The Indianapolis Star, with it’s recent “improvements”, is a prime example of the NEED for local journalism. The Star is now owned by Gannett, who recently purchased USA Today, so they include a daily mini-USA Today section. Everything local is crammed into Section A; local news briefs, crime reports, Op Ed section, classified ads, local business ads and the obituaries. Except, on weekends the obituaries are contained in the “Things To Do” section. I don’t consider attending the viewing/funeral of a deceased family member or friend to be a source of entertainment. A few months ago the obituaries were actually published in the Sports Section! Sports Section is separate and there is often a full section of Colts news. Some days Section A comes in two separate sections with continuous page numbering. Whether Section A is in one or two parts, it is a condensed version of city and state news and all else contained in daily newspapers. We, the subscribers, are at a disadvantage because the Indianapolis Star/Gannett has a monopoly on daily local news in print form. When have we had available in this newspaper, full access to important city and state news on all issues effecting us? We learn too often the actions of local politicians after the fact and actions of politicians on the national level are now in the mini-USA Today section so we don’t get full disclosure on these issues. I am curious about the stuff we don’t know and, like Sheila, I miss the real news.
“If it bleeds, it leads.”
I know why people think crime is so bad…because that’s all they see on the news anymore. Mug shots and police vehicles with their lights going. The crime rate has actually gone down and is at historical lows but the people are misled to believe that it’s a daily issue because of the ‘if it bleeds, it leads’ news programs. We try to ignore the local news because of that and just watch national news.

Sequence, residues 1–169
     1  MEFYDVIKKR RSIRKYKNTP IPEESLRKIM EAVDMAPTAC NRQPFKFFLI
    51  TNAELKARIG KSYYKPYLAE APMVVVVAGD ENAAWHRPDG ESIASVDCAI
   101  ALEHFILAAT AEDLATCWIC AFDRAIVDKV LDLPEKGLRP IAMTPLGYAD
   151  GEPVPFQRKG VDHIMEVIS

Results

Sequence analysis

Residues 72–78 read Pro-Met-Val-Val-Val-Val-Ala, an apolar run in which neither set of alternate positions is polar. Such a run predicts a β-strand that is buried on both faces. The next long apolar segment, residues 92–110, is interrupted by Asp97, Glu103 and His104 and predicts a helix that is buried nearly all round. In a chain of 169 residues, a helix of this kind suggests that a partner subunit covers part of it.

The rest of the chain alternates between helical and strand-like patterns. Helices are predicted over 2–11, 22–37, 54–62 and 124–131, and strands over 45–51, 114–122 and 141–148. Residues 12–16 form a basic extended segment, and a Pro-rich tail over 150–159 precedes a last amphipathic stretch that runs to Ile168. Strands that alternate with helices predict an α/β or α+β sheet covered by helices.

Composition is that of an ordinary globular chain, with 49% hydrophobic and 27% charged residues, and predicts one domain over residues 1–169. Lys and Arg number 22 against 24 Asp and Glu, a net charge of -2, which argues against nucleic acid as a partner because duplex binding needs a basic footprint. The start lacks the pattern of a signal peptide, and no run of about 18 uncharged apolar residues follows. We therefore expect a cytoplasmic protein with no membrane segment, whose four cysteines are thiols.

I hope everyone who laments the decline of local news — particularly print media — is paying for subscriptions to what local media we do have and is patronizing local businesses instead of buying from Amazon and other corporations who don’t advertise locally.
to me it is a circular thing. Having been a paper boy as a small child in a previous century (I carried the Star, Times, and News at the same time) I like newspapers but there just isn’t anything in the Star except the Fry’s ad. I read the WSJ and the Christian Science Monitor (WSJ since 3rd grade, CSM since 8th grade) I rarely see the one dollar Star worth getting, although I do get the one dollar discounted price Sunday Star at DollarTree often (it is there all week). Less paper, more money, circular and downward.
I forgot to mention in my earlier message that I now pay an extra 25 cents to get the TV Week for channel listings, which are frequently incorrect. For a few months it was not stapled together; the reason I was given was that their staple machine was broken.